2018 Estate Tax Changes And What May Be Ahead

The tax code overhaul brought a lot of changes, but for the estate tax, the most far-reaching result was what didn't happen. Chiefly, you didn't lose the capital gains break on inherited assets when they are sold.

For a narrow slice of the population, one weighty thing did happen with tax reform: Very wealthy households received a better deal on how much of their estate is taxable. Their fondest wish did not come true, to be sure, and the new tax law did not kill what is derisively called "the death tax." However, Uncle Sam's claim on inherited mega-money has been shrunk by the new law. Starting in 2018, the exemption for estate tax nearly doubles. The amount that can be passed along to heirs tax-free rises in 2018 to $11.2 million from $5.5 million for individuals, and to $22.4 million, from $11 million, for couples.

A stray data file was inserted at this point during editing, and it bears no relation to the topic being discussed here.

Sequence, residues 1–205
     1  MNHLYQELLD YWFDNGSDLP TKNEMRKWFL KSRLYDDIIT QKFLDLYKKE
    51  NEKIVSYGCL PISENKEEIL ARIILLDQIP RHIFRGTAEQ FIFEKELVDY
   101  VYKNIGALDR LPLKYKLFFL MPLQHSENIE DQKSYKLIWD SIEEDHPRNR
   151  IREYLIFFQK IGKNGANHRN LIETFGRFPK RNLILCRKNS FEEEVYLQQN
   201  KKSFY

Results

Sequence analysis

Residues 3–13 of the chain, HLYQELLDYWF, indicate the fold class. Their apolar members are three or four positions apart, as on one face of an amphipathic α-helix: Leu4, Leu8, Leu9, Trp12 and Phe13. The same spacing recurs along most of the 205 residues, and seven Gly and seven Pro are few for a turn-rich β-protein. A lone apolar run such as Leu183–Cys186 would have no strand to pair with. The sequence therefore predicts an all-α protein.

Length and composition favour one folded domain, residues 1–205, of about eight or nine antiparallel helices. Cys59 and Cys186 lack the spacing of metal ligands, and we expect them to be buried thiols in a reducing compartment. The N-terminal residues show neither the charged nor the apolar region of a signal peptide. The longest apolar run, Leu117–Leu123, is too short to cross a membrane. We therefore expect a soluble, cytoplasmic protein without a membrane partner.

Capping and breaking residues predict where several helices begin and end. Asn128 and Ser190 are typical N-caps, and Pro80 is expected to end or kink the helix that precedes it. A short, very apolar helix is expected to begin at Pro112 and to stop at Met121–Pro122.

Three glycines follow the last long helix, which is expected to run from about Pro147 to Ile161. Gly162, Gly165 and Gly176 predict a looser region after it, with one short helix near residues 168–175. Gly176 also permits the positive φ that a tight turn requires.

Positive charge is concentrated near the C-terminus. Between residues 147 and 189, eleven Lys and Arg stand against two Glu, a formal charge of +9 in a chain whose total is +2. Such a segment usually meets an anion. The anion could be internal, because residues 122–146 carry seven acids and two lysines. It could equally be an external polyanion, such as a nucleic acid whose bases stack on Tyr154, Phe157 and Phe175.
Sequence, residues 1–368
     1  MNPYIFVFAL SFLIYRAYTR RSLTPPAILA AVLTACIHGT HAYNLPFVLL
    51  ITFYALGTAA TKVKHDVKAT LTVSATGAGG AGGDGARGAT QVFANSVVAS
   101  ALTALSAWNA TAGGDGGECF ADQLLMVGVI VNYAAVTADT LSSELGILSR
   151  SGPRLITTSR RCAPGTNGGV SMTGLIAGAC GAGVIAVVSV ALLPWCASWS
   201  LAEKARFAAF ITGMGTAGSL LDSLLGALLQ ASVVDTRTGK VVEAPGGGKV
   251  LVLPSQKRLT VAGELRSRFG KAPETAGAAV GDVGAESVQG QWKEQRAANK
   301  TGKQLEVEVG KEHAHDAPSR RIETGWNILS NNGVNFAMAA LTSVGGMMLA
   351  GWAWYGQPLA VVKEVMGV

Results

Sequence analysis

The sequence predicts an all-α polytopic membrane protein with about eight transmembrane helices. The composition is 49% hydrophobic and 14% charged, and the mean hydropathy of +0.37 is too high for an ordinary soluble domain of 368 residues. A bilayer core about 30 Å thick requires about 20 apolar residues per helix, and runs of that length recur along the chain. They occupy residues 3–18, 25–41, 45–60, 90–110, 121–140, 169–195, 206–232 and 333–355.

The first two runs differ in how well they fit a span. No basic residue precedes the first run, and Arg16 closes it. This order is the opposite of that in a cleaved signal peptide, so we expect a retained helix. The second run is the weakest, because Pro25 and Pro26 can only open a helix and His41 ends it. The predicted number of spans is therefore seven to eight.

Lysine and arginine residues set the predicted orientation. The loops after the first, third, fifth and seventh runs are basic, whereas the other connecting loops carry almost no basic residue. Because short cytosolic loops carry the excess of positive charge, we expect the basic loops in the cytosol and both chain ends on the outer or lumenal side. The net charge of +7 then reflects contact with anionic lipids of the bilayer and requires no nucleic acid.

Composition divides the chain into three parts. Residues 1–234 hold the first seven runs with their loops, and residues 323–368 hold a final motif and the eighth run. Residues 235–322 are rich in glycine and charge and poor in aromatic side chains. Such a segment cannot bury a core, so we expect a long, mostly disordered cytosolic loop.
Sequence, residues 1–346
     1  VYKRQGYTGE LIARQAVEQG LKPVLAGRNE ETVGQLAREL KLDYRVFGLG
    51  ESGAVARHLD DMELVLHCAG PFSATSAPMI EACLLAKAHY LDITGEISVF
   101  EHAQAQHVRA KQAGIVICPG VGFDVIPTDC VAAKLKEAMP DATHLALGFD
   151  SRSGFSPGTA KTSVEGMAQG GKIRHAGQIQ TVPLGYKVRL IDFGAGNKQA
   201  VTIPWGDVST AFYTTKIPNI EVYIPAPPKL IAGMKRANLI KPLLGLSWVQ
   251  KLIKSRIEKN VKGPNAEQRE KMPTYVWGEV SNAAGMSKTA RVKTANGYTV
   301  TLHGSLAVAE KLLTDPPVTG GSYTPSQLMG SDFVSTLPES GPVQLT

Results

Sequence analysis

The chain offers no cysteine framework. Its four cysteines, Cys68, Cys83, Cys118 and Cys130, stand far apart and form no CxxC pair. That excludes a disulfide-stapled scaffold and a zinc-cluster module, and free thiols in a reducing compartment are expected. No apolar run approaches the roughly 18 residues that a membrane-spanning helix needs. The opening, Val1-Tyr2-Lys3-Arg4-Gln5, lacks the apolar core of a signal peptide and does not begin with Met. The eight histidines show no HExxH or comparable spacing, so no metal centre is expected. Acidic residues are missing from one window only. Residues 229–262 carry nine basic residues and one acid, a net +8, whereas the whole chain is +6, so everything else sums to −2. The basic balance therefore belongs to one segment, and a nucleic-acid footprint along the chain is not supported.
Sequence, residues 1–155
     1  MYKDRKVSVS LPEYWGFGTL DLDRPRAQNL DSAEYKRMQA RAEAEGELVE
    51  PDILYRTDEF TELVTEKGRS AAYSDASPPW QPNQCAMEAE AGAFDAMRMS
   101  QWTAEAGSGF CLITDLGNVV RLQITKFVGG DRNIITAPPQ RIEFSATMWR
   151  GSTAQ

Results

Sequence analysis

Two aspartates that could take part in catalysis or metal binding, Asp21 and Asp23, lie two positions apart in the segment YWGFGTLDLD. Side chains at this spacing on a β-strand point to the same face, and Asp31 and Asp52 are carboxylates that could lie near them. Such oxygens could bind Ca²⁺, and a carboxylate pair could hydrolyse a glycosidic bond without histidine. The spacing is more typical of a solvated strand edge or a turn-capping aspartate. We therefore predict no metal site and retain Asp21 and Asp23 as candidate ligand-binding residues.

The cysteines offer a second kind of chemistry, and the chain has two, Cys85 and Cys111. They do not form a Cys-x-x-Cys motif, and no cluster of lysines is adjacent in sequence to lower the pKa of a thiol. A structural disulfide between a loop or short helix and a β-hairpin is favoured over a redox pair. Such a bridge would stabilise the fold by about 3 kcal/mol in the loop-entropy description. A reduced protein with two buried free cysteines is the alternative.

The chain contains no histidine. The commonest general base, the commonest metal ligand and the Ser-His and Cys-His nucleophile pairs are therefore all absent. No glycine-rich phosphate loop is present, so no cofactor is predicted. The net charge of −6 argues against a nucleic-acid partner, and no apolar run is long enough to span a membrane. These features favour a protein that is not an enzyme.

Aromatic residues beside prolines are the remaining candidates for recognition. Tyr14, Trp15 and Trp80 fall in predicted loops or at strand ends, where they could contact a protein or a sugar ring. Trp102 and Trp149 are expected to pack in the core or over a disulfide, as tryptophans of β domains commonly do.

The good news - and bad - is that through the end of 2025 is a great time to die, but Congress could modify the just-enacted rules as soon as 2019, particularly with recent changes in the political climate. Left unchanged, this new part of the tax code is set to expire in 2026.

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This article was written by a professional financial journalist for Prime Investment Advisors and is not intended as legal or investment advice.

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